pesco — 2014-03-13T12:08:31-04:00 — #1
uniqueusername — 2014-03-13T12:45:45-04:00 — #2
I hope all of those kids found their Doors of Cuckundu.
othermichael — 2014-03-13T12:59:08-04:00 — #3
I believe I read a book by Hugh Davies about similar experiments in schools -- focused heavily on tape-recorder experiments and amplified-springs-and-found-things (such as Davies regularly used in his own work).
I haven't been able to find any such book listed online, dang it. And the Brian Dennis book doesn't have any contents online for me to see if its the same thing.
boundegar — 2014-03-13T14:19:18-04:00 — #4
I think I see a young Phillip Glass at 3:40.
technogeekagain — 2014-03-13T16:06:09-04:00 — #5
A teacher in a Jr. High on Long Island was leading an after-school group doing similar "new music" experimentation -- percussion, prepared/percussive/plucked piano, found and made, instruments (eg, a tubular-steel chair became a horn), and synth. (One of the students donated a Paia synth kit; about a year later the school system came through with an ARP). A few years later, but not many.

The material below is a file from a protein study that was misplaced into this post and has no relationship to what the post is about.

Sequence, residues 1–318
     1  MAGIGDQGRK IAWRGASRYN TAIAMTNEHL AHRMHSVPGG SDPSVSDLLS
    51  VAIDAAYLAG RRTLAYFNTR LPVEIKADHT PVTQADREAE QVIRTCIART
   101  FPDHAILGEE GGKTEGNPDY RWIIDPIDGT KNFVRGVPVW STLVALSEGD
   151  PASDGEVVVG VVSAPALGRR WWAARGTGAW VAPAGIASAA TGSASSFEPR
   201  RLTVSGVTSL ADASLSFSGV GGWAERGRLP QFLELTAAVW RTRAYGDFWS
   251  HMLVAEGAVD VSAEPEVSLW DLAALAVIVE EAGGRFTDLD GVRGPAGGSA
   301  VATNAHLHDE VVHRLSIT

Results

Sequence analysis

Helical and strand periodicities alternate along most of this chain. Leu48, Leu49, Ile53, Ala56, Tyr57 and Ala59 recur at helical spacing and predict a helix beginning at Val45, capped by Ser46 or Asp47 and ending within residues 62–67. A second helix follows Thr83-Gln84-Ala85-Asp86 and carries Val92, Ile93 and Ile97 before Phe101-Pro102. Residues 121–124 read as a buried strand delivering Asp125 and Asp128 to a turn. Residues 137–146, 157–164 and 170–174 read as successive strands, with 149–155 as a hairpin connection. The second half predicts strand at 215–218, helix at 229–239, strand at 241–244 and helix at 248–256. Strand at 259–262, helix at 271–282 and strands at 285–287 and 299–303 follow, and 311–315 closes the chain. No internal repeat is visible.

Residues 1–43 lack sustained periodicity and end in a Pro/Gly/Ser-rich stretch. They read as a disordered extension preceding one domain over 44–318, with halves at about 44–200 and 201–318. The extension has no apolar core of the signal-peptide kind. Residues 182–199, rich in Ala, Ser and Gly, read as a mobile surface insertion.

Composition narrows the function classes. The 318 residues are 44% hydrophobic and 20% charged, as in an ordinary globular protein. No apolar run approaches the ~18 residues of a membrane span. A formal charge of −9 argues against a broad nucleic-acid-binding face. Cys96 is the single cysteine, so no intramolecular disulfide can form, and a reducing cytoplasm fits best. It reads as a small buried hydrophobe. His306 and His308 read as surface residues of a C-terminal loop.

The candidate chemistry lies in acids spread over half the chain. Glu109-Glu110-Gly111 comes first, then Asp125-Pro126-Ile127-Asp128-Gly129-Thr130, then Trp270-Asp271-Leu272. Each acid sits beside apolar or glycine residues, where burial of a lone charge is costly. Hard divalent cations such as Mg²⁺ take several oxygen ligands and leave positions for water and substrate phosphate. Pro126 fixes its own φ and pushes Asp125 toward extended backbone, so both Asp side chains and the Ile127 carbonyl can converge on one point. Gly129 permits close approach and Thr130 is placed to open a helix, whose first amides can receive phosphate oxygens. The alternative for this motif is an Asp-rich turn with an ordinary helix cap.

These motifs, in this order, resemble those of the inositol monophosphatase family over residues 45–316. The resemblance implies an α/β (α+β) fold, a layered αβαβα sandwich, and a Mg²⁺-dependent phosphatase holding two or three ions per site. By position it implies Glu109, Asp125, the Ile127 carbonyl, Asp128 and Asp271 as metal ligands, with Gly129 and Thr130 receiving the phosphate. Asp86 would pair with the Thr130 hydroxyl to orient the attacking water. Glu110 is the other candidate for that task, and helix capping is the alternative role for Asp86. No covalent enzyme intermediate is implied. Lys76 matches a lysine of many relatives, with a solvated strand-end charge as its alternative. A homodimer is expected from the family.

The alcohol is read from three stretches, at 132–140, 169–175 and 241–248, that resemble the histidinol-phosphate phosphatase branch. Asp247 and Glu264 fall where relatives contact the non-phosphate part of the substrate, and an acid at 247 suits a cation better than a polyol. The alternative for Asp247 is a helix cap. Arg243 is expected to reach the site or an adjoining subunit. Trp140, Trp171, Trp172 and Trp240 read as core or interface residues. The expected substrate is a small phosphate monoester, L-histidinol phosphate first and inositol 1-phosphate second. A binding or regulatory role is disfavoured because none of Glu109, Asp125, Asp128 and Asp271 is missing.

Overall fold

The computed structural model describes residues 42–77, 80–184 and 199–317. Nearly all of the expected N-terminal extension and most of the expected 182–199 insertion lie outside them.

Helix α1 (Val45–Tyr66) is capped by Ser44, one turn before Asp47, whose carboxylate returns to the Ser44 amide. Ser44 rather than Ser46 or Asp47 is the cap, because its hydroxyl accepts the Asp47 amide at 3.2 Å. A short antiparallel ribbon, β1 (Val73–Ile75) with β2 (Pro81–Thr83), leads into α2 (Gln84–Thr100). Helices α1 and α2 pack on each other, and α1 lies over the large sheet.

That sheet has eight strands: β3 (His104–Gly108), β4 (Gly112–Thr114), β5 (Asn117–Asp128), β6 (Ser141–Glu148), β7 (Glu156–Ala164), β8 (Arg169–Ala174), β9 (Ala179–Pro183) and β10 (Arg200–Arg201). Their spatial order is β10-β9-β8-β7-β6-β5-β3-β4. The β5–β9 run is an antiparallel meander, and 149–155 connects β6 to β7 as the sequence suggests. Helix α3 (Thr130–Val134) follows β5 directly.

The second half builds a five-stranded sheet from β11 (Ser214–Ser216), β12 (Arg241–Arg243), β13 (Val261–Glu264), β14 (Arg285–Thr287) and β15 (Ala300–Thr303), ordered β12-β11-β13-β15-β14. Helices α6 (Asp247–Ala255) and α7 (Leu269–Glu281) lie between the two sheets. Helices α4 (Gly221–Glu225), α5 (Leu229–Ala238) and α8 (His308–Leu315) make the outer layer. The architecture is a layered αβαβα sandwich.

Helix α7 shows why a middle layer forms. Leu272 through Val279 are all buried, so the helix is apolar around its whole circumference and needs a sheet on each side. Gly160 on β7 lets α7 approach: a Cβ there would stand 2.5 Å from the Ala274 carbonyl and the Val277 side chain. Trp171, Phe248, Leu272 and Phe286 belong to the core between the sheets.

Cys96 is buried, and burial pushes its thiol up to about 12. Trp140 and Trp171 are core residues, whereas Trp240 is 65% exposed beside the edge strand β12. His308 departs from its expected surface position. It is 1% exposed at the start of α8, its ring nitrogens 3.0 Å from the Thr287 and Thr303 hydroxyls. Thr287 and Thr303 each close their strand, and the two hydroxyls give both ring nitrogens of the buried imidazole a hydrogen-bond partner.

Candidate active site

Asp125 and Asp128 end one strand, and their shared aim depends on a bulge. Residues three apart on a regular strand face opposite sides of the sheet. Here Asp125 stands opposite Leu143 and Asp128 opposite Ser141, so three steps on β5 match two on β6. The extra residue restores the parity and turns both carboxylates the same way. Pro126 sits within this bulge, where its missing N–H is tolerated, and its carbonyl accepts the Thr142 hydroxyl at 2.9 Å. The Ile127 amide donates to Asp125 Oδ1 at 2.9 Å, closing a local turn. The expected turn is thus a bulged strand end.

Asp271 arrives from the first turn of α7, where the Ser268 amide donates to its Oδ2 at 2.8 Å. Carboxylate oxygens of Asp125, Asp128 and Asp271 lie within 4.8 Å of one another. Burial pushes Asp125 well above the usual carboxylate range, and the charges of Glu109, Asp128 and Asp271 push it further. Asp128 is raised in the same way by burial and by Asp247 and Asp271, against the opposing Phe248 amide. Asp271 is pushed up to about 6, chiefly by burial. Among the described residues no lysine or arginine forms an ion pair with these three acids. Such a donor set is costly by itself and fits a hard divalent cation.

peahix — 2014-03-13T16:30:32-04:00 — #6
15 years later, Depeche Mode would produce hit records by scouring the industrial junk yards of Shoreditch with a tape recorder for raw material to sample and manipulate into pop-musique-concrete.
devophill — 2014-03-13T18:55:16-04:00 — #7
stephen_beat — 2014-03-14T03:12:29-04:00 — #8
What happened to this fantastically creative mode of British teaching? Today it's been replaced by a robotic and mindless programming, effectively destroying young minds.
Fun, creativity and imagination seem to be three concepts that have no place in the modern British education system. But then again what do you expect from a Tory government.
pesco — 2014-03-18T12:10:12-04:00 — #9
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